• Will the Virtual University be supplemented or replaced by a Virtuous University?
Further difficulties will arise, inevitably, and will also demand to be tackled. For example, the curriculum will need to undergo a massive change as the objectives of Education are re-defined, or split into two separate objectives on the basis of gender. Even three, if one of the goals is to help the minorities to live peacefully as 2nd Class Citizens. Lest you feel that I am trying to make things seem worse than they would be, this idea of all non-Muslims being 2nd Class Citizens under a Muslim State was introduced by a popular leader in Islamic thought (at least in Pakistan), Dr. Israr Ahmad, during a recent Aaj Islam TV segment.

The Islamization of content and teaching methodologies brings to mind examples from the bleak Zia era, when suggestions, such as those from the Jamaaté Islami run Institute for Policy Studies, included the following. (These and more examples can be found in Dr Pervez Hoodbhoy's book, Islam and Science: Religious Orthodoxy and the Battle for Rationality)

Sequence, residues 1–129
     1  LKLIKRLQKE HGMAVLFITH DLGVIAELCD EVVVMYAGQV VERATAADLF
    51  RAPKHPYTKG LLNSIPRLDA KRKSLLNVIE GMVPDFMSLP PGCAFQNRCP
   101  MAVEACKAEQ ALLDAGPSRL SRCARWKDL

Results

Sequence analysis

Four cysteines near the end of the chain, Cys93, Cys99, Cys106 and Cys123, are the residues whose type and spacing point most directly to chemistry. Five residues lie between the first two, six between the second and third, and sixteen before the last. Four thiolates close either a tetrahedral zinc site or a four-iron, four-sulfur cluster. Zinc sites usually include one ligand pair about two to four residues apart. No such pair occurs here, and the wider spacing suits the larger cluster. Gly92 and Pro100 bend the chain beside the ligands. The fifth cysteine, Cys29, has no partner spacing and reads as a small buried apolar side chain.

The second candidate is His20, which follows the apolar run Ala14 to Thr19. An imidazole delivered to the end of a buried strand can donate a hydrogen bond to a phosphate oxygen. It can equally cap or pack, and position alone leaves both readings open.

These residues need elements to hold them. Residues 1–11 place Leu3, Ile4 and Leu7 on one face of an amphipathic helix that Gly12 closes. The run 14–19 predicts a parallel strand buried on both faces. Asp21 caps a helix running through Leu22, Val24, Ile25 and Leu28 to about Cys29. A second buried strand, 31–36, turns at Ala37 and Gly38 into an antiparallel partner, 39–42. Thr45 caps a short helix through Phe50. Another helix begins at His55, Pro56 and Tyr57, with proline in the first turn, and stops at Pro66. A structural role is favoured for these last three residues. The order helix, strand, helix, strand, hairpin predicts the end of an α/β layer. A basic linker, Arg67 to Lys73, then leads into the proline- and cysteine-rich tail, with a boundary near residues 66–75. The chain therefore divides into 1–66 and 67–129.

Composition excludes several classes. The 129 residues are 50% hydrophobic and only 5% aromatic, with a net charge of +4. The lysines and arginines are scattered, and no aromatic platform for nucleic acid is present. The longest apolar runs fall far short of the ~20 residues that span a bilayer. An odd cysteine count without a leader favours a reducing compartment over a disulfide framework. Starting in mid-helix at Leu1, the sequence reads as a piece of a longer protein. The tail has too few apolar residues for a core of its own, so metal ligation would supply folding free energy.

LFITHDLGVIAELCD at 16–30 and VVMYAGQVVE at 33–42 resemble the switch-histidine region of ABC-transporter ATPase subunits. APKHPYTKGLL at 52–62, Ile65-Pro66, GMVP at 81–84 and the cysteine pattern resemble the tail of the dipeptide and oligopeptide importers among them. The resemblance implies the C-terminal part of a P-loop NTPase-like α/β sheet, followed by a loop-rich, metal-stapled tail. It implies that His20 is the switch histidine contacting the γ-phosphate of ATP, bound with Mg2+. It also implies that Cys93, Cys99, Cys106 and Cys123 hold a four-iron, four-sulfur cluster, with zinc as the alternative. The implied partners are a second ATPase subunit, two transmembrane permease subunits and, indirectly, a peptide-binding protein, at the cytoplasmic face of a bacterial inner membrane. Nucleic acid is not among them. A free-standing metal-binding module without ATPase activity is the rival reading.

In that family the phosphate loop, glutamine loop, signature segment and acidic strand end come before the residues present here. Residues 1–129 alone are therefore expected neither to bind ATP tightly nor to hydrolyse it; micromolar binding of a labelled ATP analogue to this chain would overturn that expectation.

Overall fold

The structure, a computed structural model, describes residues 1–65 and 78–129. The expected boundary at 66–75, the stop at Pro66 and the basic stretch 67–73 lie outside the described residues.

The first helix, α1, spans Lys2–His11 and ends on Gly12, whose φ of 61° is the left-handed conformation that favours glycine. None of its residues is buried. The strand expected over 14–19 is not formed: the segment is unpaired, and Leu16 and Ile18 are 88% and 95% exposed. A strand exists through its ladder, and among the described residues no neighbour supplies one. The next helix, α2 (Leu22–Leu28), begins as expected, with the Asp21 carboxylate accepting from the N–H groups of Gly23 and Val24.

1. • Teaching Cause and Effect was deemed unIslamic as God was the cause of all. So the correct methodology of teaching such basic facts as 'Two parts of Hydrogen and one part of Oxygen combine to form Water' had to be supplemented by "God willing" or similar phrases.
  2. • Since all laws are God's Laws, it is unIslamic to call them Boyle's Law or Charles' Law.
And we are not even touching Evolution, a subject that seems to annoy many (but, thankfully not all) members of the Religious Right, the world over. The recent Dover School Board Trial in the USA, where Creationism - under the rather flimsy guise of Intelligent Design - was being introduced as Science, represents one end of the spectrum. At the other end lies this country.